A Guide to Fall Prevention For The Elderly.
Fall prevention is never a joyous topic, but it’s an essential discussion to have should you or a family member need further support or fall prevention strategies in the near future.
The National Council On Aging (NCOA) illustrates the dangers of a fall by providing facts from the U.S Centers for Disease, Control and Prevention. They disclose that 1 in every 4 American adults aged 65+ falls each year, every 11 seconds an older adult is treated in an emergency room and every 19 minutes an older adult dies from a fall.
Falls result in more than 2.8million injuries in emergency departments annually including 27,000 deaths.
Health conditions that widely affect the elderly such as Parkinson’s disease and Dementia plus weaker joints and low muscle tone due to ageing can lead to unpredicted falls. Whatever the reason for the fall, it is important to arrange prevention strategies before a fall occurs.
Prevention Strategies to Reduce the Chances of a Fall
- Gently Increase Physical Activity
Gentle and/or assisted exercise helps to strengthen muscles, improves balance and creates supple joints, and as a result, the person will reduce there chances of falling. Walking, swimming or gentle dance are great methods of exercise. For assisted exercise, you can contact a physical therapist who can arrange a gentle exercise program for you or your family member.
- Wear Practical Shoes
Shoes can be overlooked when taking prevention from falling, nevertheless, a good pair of sturdy shoes can help the person to avoid slips and trips that could happen in slippers and sandals etc. Another suggestion is to purchase a pair of indoor shoes with a slip-resistant sole. Socks or stockings can make a person slip or stumble so a pair of comfortable indoor shoes can be worn all over the house to prevent a fall from happening.
- Remove Hazards
For those who are at high risk of falls, the person’s home may need to be addressed to make it less hazardous. Removing central coffee tables, boxes, rubbish bins, electrical cords from regular walkways. Place all kitchen equipment and utensils within easy reach including food, magazines and toiletries for each use. Ensure any carpets, rugs or floorboards aren’t loose with rugs being double taped or tacked in place to reduce the chances of it lifting. For the bathroom, you can add non slip mats, add elevated toilet seats,bath seats and walk in showers.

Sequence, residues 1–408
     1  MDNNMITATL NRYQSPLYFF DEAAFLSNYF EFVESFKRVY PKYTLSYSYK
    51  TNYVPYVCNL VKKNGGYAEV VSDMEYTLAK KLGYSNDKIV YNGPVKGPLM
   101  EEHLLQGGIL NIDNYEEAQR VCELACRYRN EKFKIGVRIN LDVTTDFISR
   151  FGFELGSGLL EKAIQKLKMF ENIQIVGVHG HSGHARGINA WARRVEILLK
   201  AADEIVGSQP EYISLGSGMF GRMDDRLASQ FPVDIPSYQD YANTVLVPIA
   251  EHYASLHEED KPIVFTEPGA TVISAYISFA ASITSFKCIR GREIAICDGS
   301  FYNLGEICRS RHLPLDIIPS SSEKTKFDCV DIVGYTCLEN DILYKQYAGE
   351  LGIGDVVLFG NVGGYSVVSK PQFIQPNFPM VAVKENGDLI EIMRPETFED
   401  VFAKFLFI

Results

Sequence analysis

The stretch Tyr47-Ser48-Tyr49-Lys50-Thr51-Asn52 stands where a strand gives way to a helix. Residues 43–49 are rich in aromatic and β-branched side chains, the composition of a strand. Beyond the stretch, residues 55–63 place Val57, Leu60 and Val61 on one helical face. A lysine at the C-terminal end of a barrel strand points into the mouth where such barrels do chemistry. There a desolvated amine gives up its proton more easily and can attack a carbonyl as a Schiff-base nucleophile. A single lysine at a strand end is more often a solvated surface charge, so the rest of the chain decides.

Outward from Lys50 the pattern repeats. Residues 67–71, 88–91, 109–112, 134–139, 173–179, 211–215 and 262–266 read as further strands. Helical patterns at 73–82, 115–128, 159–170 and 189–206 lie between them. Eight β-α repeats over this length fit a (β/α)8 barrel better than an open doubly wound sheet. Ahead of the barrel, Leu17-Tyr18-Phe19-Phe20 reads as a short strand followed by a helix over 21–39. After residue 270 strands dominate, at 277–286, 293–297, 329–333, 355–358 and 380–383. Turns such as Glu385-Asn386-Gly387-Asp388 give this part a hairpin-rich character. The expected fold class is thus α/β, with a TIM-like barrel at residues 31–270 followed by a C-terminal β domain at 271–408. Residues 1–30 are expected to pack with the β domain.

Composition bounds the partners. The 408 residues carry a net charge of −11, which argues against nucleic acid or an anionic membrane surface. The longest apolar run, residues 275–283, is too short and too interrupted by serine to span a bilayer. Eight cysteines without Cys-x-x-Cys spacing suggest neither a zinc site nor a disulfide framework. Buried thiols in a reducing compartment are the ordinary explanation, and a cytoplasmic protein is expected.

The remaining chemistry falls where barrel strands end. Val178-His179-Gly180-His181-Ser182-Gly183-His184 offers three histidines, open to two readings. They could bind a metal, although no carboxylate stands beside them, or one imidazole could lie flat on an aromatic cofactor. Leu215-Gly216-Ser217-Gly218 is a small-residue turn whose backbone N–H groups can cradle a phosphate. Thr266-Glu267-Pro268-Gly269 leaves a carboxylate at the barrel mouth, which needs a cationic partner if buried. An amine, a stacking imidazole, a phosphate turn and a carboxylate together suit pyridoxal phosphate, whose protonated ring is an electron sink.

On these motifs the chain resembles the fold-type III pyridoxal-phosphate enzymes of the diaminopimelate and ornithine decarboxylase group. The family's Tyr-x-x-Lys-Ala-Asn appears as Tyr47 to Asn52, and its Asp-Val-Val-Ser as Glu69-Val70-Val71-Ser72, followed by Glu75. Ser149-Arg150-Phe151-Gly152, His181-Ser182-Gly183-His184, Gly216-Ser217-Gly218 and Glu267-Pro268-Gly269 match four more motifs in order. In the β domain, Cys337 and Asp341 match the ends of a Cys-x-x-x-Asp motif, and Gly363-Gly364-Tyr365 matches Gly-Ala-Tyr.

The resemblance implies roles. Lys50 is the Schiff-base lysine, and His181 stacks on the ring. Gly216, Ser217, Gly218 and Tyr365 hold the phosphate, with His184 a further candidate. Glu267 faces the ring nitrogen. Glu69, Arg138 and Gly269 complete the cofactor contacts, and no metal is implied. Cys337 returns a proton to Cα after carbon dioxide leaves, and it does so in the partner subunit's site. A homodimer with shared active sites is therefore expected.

- Light Up Dark Spaces
A person may wake up early when it’s dark out or find that they struggle to find their way back into bed after turning the lights off. A few preventative measures such as adding lamps to easy access areas, switching old fashioned light switches for glow in the dark switches and placing flashlights in draws in case of emergency power cuts can all reduce the chances of a fall.
- Reduce Damage of a Fall
Your doctor may suggest a walking cane to assist the person when outside. Handrails, raised toilet seat, toilet armrests or grab bars, and handheld nozzles for the shower can aid assistance and reduce the risk of an unexpected fall.
For a person who lives alone or is at a high risk of falling, protective headgear may be required to offer complete protection for the user and less worry for the family who cannot be around 24 hours a day.
Ribcap protective soft beanie helmet hats offer a full 360 protection to eliminate any worries the person or family member may have. They are uniquely designed to fit comfortably, are air light, breathable and look like a regular hat.
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